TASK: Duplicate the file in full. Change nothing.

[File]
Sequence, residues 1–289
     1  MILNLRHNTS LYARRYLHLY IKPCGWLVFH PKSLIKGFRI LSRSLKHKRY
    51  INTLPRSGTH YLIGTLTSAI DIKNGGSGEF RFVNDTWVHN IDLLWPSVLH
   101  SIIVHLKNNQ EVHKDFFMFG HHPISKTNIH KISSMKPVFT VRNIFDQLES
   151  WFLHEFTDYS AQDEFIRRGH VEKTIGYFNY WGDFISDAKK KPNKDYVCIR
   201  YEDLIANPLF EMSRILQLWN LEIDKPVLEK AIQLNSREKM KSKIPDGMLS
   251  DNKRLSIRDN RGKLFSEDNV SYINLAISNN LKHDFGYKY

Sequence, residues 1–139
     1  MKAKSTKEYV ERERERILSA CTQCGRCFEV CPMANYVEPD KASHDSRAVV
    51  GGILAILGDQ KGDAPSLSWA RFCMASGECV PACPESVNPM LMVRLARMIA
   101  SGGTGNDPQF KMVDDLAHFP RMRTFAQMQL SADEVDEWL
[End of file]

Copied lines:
Sequence, residues 1–289
     1  MILNLRHNTS LYARRYLHLY IKPCGWLVFH PKSLIKGFRI LSRSLKHKRY
    51  INTLPRSGTH YLIGTLTSAI DIKNGGSGEF RFVNDTWVHN IDLLWPSVLH
   101  SIIVHLKNNQ EVHKDFFMFG HHPISKTNIH KISSMKPVFT VRNIFDQLES
   151  WFLHEFTDYS AQDEFIRRGH VEKTIGYFNY WGDFISDAKK KPNKDYVCIR
   201  YEDLIANPLF EMSRILQLWN LEIDKPVLEK AIQLNSREKM KSKIPDGMLS
   251  DNKRLSIRDN RGKLFSEDNV SYINLAISNN LKHDFGYKY

Sequence, residues 1–139
     1  MKAKSTKEYV ERERERILSA CTQCGRCFEV CPMANYVEPD KASHDSRAVV
    51  GGILAILGDQ KGDAPSLSWA RFCMASGECV PACPESVNPM LMVRLARMIA
   101  SGGTGNDPQF KMVDDLAHFP RMRTFAQMQL SADEVDEWL